Background: Exposure to microgravity results in the loss of fluid and electrolytes. Hypothesis: This study was designed to determine whether loss of fluid and electrolyte by the kidney occur by increased filtration or decreased tubular reabsorption and to investigate the mechanisms involved. Methods: Vascular and bladder catheters were implanted and the effects of preferential thoracic volume expansion were studied in conscious rats using a new hindlimb supported head-down tilt model designed to simulate the effects of microgravity. Control rats maintained at 0°tilt (NT) were compared to rats at 40° head-down tilt (HDT). Results: HDT immediately increased central venous pressure from 1.4 ± 0.3 to 2.7 ± 0.3 mm Hg (p < 0.01); which peaked after 8 h. Compared to NI, cumulative sodium excretion significantly increased within 6 h of HDT and remained increased at 24 h (198.8 ± 40.3 vs. 72.8 ± 18.4 μEq; p < 0.01). HDT also significantly increased glomerular filtration rate (GFR) at both 6 (p < 0.05) and 24 h (p < 0.01). In contrast, factional proximal reabsorption (assessed by lithium clearance) was unchanged over the period of HDT, indicating an appropriate proximal tubule response to increased filtered sodium. HDT had no significant effect on plasma catecholamine or atrial natriuretic peptide concentration nor on plasma renin, while aldosterone concentration was increased after 24 h (72.8 ± 24.0 vs. 32.4 ± 8.7 ng/dl; p < 0.05); presumably in response to sodium loss during HDT. Conclusion: HDT-induced thoracic volume expansion significantly increases sodium excretion, primarily as a result of an increase in GTR.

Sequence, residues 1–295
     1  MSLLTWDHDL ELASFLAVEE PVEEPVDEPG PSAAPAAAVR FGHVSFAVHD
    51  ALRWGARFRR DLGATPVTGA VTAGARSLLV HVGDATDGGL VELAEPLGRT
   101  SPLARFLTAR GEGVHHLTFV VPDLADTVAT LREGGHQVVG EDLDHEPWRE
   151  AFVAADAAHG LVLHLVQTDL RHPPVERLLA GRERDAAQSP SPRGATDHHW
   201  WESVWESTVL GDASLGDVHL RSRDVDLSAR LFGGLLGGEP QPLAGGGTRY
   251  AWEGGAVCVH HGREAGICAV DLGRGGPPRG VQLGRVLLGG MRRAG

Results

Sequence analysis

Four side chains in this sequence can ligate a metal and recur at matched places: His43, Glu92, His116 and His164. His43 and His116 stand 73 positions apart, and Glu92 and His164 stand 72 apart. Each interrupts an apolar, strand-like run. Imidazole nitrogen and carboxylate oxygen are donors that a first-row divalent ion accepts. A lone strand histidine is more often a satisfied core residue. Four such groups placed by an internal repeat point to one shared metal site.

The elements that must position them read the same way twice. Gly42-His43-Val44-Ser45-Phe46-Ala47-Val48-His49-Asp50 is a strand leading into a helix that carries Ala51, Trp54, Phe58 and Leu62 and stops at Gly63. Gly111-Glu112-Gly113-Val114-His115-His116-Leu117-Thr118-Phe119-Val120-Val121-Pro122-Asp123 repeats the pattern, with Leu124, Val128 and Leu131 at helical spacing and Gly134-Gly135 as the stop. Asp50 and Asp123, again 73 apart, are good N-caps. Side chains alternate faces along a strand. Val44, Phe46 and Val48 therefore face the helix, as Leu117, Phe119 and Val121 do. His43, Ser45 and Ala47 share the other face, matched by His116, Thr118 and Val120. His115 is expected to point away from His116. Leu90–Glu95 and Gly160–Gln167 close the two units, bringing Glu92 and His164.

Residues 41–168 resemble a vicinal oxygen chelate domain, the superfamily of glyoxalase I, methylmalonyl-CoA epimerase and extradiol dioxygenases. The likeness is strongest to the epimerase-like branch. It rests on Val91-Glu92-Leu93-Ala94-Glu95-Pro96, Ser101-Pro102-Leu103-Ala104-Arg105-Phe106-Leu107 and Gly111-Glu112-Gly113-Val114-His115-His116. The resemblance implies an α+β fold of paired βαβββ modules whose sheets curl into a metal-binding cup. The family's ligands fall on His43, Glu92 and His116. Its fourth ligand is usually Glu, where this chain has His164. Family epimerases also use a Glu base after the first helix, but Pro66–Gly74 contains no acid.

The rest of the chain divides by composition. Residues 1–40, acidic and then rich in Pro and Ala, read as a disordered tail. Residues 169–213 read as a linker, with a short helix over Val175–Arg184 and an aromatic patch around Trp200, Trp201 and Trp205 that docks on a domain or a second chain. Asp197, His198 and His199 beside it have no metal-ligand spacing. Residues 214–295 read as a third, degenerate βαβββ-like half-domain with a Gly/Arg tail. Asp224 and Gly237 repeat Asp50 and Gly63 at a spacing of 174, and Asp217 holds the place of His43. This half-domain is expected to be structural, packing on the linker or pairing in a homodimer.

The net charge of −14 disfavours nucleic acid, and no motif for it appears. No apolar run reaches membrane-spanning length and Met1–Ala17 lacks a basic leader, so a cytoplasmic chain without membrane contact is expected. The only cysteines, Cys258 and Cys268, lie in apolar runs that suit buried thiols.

|Number of pages||6|
|Journal||Aviation Space and Environmental Medicine|
|State||Published - Nov 1996|
ASJC Scopus subject areas
- Public Health, Environmental and Occupational Health